My wedding photography gear is taped over
On Monday, I published an article describing my wedding photography equipment. Some of you may have noticed the slightly shabby condition of my cameras and lenses, especially accentuated by the prominent use of tape to conceal the brand names and model numbers. I developed this habit when I started travelling because I didn’t want to become an easy target for theft. Whether that’s an effective strategy is a separate topic; the point is, I continued this practice into my work. As a novice wedding photographer in 2012, I turned to occasional gigs with a more established company to balance for the profit I wasn’t earning. During an interview with the company’s lead wedding photographer, I was told about an encounter he had with a guest who possessed a more expensive camera. The guest made a flippant remark about the photographer’s compensation in light of his cheaper camera. To avoid such encounters in the future, he committed to buying only “the best” wedding photography gear. (He currently shoots with a Canon 1D X). Professional wedding photographers—and intelligent people in general—know that it’s their skill, not their wedding photography gear, that makes or breaks the pictures. Unfortunately, some wedding photographers feel compelled to buy expensive gear to fulfill clients’ expectations of what amounts to acceptable equipment. Today, I’ll attempt to convince you that your wedding photographer’s gear doesn’t matter.
THE Wedding PhotographY Gear Shouldn’t Affect Your Decision
That assertion, of course, has a reasonable limit; I’m not advocating that there isn’t a difference between photographing weddings on dedicated cameras versus, say, cellphones. There is, and the gulf in quality is huge depending on the circumstances. (Curiously, that “iPhone wedding” is good by the typically safe standards of the industry. A wedding photographer wouldn’t exactly be pushing any equipment to its limit by capturing symmetrically framed
wax figures couples reenacting the same kiss at a handful of token locations.)
The defining quality of proper gear would have to be its flexibility. With that in mind, I propose that any interchangeable lens camera system should qualify. Such systems allow wedding photographers the freedom to select the right lens for the situation without being beholden to the limitations of fixed lens cameras. Fixed lens cameras are limited by their static perspective or low-quality zoom lenses, slow apertures, limited manual exposure controls and automated image processing. Using the interchangeability of lenses as the minimum threshold feature disqualifies the majority of cameras on the market. Despite that, we’re left with many options to consider as acceptable wedding photography gear, ranging in size from the diminutive Pentax Q all the way to Phase One’s titanic XF line of digital backs.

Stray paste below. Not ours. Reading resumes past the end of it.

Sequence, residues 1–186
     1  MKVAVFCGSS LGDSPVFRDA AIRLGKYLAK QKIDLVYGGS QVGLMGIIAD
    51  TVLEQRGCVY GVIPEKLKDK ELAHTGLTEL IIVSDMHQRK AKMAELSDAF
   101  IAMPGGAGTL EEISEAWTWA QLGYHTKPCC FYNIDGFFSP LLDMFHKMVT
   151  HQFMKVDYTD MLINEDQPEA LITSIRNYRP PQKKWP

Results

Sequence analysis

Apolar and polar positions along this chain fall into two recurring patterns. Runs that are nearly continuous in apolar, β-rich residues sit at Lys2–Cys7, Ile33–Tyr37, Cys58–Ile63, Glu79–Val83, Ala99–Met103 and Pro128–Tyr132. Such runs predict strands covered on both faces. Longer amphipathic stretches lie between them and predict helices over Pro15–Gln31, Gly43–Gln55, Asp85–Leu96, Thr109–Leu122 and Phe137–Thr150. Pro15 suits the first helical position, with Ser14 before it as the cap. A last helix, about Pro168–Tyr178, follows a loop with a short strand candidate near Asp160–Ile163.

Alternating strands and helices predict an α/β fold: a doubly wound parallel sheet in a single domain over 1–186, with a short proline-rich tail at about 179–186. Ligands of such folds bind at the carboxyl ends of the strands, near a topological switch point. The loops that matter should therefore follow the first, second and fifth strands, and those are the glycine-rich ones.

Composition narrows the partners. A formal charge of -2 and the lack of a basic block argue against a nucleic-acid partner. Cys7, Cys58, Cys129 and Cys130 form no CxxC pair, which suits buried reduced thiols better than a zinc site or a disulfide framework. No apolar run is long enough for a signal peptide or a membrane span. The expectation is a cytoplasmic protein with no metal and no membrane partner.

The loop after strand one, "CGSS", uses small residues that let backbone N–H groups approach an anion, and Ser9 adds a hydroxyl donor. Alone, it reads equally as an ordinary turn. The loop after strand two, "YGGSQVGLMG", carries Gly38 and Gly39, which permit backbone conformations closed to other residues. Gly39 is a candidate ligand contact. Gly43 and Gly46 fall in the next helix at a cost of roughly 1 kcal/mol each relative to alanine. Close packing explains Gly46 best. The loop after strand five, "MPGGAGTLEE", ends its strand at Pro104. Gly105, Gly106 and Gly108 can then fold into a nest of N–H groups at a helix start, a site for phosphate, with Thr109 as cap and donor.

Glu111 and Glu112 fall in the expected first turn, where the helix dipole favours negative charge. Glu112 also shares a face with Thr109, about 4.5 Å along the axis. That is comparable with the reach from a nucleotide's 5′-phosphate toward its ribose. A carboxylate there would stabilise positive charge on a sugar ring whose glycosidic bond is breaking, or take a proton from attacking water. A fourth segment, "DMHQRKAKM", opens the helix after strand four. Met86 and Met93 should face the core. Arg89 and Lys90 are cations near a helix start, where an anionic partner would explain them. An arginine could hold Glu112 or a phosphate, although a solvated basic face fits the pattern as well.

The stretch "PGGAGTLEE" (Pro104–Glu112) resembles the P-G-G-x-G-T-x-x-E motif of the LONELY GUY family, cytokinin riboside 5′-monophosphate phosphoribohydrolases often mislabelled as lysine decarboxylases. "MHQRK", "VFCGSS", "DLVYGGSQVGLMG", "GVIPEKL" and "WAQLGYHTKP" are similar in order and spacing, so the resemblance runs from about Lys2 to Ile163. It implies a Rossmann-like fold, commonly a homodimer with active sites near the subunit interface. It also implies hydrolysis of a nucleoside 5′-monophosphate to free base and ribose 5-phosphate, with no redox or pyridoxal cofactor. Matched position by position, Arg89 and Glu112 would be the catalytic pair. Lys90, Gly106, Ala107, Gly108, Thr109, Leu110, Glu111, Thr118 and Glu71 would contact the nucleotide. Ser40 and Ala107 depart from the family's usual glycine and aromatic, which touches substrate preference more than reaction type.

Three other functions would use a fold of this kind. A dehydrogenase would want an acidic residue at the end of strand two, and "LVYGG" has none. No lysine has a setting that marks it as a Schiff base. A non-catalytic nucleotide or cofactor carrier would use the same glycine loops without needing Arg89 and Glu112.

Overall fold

The remaining cameras each possess unique strengths and weaknesses; however, as mentioned previously, it’s usually the photographer and not the gear that forms the weakest link. Assuming you’ve done your homework and chosen from among wedding photographers with portfolios that match your style and with deliverables that match your expectations of quality and consistency, then the gear your wedding photographer wants to work with is inconsequential. I don’t mean to say that it’s immaterial to the photographer using it; on the contrary, if you were to present a photographer with an entirely novel camera system, their work would suffer until they’ve acclimatized to its functions and ergonomics. It’s inconsequential in the sense that it’s been vetted and approved by the very fact that you like their work.
Asking about their equipment is silly on a different level because it’s not rationally actionable information. For instance, what would you do if your top wedding photographer’s gear fell below your expectations? Surely, you wouldn’t disqualify this person because he/she shoots with Fujifilm instead of Nikon or use Canon instead of Leica. That would border on self-sabotage.
If a wedding photographer’s gear works and allows them to achieve their desired results, the gear doesn’t matter. However, this isn’t to say that all wedding photography gear is created equal. For instance, a photojournalistic wedding photographer who produces excellent work with a compact rangefinder would have an awful time transitioning to a medium format camera. The two systems are designed for different purposes, with the medium format being biased towards a ponderous approach—it’s slower, heavier, and as conspicuous as a blaring siren—and a compact rangefinder towards speed and stealth.
Considering all of this, the next time you run into a wedding photographer, either as a potential client during an interview or as a guest at another couple’s weddings, don’t judge their gear. Feel free to ask if you’re curious, but don’t treat it as a hiring condition. They’re using the best equipment that they need for the job, regardless of whether it meets or exceeds some arbitrary notions of what’s acceptable.